- Gruber is right about screen sizes relative to hand size. The thumb of the hand that I'm holding the device in isn't long enough to comfortably reach all corners of the screen.

- There's no file manager to be found. I could use something similar to "My Files" found on Samsung-customized Android 2.3.x and 3.x. I have no idea how to browse the Downloads folder that browsers download to or how to locate files received over Bluetooth after the corresponding notifications have been cleared.

- It whines about recharging the battery after about 10 and a half hours when it claims that 14% of the battery power is left. This means that if you disconnect the charger in the morning, it whines too early in the evening. (Curiously, the review on The Verge praises battery life. Maybe I have some wrong setting somewhere?)

- The password for unlocking full disk encryption at boot and the password for unlocking the screen are the same. This is annoying. The screen lock should have a shorter password or pass-shape and should fall back to a longer boot-time password if entered wrong twice.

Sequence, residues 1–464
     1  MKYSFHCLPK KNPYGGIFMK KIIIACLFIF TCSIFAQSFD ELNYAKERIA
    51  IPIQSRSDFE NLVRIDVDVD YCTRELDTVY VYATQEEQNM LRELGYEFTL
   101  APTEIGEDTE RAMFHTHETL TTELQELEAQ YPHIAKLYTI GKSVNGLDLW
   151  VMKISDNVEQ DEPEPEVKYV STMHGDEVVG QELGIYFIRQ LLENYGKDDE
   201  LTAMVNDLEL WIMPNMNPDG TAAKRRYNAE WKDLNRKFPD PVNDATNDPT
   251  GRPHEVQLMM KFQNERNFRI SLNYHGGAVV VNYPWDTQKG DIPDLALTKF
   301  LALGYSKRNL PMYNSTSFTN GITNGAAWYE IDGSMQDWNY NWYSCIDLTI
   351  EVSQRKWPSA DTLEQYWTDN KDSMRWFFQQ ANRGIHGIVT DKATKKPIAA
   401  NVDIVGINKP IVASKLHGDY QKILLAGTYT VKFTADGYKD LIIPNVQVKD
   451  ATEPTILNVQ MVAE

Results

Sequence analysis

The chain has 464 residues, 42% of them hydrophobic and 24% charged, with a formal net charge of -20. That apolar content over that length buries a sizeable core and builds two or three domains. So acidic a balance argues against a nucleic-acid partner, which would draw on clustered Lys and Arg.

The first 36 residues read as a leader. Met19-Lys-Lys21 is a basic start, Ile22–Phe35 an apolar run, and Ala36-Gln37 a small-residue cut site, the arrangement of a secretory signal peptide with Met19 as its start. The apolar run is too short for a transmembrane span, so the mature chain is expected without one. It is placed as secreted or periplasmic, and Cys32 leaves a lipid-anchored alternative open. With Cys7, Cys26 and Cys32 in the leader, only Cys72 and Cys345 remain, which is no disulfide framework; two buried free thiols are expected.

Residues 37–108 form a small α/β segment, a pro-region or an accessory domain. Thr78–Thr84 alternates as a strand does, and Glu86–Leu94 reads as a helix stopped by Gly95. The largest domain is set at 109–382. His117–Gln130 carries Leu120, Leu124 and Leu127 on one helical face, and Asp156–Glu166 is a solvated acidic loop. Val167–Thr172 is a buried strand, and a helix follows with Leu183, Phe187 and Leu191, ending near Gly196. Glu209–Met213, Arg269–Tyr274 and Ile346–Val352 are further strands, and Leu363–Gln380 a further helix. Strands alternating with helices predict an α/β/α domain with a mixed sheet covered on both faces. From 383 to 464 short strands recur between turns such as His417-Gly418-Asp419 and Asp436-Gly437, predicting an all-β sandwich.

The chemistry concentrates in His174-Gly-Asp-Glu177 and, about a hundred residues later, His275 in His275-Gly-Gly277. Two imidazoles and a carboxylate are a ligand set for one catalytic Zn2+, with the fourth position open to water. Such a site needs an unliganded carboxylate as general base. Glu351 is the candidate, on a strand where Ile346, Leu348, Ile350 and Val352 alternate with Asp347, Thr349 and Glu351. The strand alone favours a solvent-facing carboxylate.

- No way to invoke the camera from the lock screen without typing the long full disk encryption password.

- The Google Search field on the home screen is not a removable widget. I understand that from the Google POV, the whole point of Android is traffic acquisition/retention for search, but I'd still like to be able to recover another row of home screen space.

- Even though the device has a superbly high-res screen, contact photos (at least when added via the Web) are downscaled and recompressed with very visible artifacts.

Weird. I haven't checked G+ for a while and I discover that somehow people who I've added to circles no longer are in my circles. Known bug? Am I supposed to manually remedy it. Again and again?